Jaap Winius wrote:
Before I begin, let me say that, in this case, Kerberos only offers
encrypted authentication and not data encryption for the OpenLDAP
for that it is necessary to set up a Certificate
Authority and use TLS (LDAP over SSL, slapd on port 636).
When using SASL, you can use a SASL encryption layer with or without an
underlying transport encryption layer (TLS/ipSec/...). By default the
Kerberos5 SASL/GSSAPI module includes encryption.
This has all been supported in OpenLDAP since .. more than 10 years now. I
point this out specifically because until very recently, most other servers
did not support it. (E.g., M$ ActiveDirectory did not support SASL encryption
on top of TLS until just last year. Likewise with Fedora/RedHat/Netscape.)
=== My solution ===
First download k5start (currently found at eyrie.org
), compile and
install it on the OpenLDAP consumer server. Then create a simple
script on this host that uses k5start to automatically obtain and
periodically renew a Kerberos TGT for the LDAP service principal (you
could use kinit and a cron job instead, but that solution apparently
has certain weaknesses). Also, the script must run as the user that
runs slapd (in my case the openldap user). The relevant command I used
su -c "/usr/local/bin/k5start -U -f /etc/krb5.keytab \
-K 10 -l 24h &" -l openldap
Of course, don't forget to edit /etc/passwd and change the shell
setting for the openldap user to /bin/sh, or else it won't work
Second, I configured syncrepl in slapd.conf to look like this:
retry="60 30 300 +"
is the localhost, while ldapks.example.com
an alias for the OpenLDAP provider server.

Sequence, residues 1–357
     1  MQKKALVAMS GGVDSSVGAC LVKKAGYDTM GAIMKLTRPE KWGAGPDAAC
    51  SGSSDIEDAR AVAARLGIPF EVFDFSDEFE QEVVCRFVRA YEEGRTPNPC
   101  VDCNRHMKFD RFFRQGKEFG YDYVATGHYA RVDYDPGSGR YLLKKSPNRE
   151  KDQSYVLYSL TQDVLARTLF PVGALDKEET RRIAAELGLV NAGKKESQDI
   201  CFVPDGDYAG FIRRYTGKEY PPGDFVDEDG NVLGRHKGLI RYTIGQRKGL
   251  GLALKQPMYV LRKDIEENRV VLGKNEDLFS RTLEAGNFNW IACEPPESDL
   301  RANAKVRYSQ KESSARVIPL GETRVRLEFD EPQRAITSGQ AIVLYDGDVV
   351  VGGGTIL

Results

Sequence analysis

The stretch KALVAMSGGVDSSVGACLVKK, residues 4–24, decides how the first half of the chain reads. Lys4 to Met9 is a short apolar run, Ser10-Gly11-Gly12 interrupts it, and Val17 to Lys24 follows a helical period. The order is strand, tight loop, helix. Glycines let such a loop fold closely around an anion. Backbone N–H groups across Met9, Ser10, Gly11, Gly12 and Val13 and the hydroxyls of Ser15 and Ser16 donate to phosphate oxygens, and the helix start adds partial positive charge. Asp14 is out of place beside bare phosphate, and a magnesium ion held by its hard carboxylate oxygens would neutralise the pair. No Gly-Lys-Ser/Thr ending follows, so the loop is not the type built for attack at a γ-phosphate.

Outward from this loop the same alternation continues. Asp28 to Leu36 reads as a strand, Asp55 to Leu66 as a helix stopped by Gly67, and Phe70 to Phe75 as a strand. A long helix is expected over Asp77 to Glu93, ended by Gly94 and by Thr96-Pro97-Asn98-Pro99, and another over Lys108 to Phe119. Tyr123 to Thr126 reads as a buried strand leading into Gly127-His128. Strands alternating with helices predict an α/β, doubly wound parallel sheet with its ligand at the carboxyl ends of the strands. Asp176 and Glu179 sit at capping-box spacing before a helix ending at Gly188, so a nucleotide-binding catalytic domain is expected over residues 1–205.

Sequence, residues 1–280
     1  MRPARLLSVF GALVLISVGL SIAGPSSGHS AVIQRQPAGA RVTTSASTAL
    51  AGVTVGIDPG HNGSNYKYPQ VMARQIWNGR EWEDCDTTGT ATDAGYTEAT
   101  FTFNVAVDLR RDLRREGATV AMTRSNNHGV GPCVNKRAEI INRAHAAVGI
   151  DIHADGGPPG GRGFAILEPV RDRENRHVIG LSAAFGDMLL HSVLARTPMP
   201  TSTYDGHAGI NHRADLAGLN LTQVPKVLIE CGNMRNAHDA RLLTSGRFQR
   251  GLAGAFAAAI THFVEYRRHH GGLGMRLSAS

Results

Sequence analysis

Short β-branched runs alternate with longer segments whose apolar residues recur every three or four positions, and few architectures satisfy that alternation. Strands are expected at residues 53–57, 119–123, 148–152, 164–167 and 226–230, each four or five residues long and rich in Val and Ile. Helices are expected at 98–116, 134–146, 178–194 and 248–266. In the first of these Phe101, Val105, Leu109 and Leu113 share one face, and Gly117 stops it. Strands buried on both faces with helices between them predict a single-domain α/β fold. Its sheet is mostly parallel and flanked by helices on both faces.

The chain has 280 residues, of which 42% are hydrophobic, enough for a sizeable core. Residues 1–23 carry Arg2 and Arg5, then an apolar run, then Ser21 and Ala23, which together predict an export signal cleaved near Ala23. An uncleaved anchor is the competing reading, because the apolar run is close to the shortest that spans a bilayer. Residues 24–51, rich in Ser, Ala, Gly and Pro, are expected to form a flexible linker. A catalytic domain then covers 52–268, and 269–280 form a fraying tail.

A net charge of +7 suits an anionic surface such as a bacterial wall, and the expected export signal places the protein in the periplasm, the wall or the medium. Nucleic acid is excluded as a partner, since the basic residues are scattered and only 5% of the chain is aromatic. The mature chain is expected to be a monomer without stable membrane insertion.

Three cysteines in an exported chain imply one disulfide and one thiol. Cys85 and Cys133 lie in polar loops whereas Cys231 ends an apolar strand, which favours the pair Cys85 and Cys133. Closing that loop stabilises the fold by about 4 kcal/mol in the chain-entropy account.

The authcid parameter isn't really needed, since SASL will obtain it from the
GSSAPI module anyway.
Third, it was all was working at this point, except that an an error
kept appearing in the OpenLDAP provider's syslog:
SASL [conn=1] Error: unable to open Berkeley db /etc/sasldb2: \
No such file or directory
There should be a better way to fix this, but I did it by installing a
Debian package, called sasl2-bin. This automatically created the
necessary database file, /etc/sasldb2 database, although I had to be
careful give the openldap user permission to write to it. Slapd never
seems to do that, but at least this prevented it from complaining.
Configure an explicit list of SASL plugins, or just delete/rename the sasldb
plugin. This is all bog-standard Cyrus-SASL administration stuff, nothing
particular to OpenLDAP.
=== Notes ===
Along the way, I did run into two other problems. One was this syslog
slapd: SASL [conn=7] Failure: GSSAPI Error: \
Unspecified GSS failure. Minor code may provide \
more information (Key version number for principal \
in key table is incorrect)
This turned out to be due to an invalid Kerberos ticket on the
Another, more inexplicable error that I ran into earlier involved
running an ldapadd that added two entries to the directory on the
provider server: the first addition would succeed (and make it to the
consumer), but the second one would not. The reason was that, at hat
point, the provider slapd had died after writing the first entry to
the database. At the time, the solution appeared to be to install and
configure k5start on the provider the same as on the consumer; it
seemed like the provider was trying to authenticate to the consumer.
Unfortunately, I have since not been able to reproduce this behavior,
so I must conclude that problem was likely unrelated and that a
k5start configuration on the provider is not necessary.
Ordinarily Kerberos-enabled services don't need tickets, just keytabs.
Since a consumer is actually a client, then all client-credential
considerations apply and it's no different from running any other long-lived
daemon that uses Kerberos tickets.
It sounds like this was a SASL and Kerberos learning experience for you, not
much in this post is specific to OpenLDAP.
-- Howard Chu
CTO, Symas Corp. http://www.symas.com
Director, Highland Sun http://highlandsun.com/hyc/
Chief Architect, OpenLDAP http://www.openldap.org/project/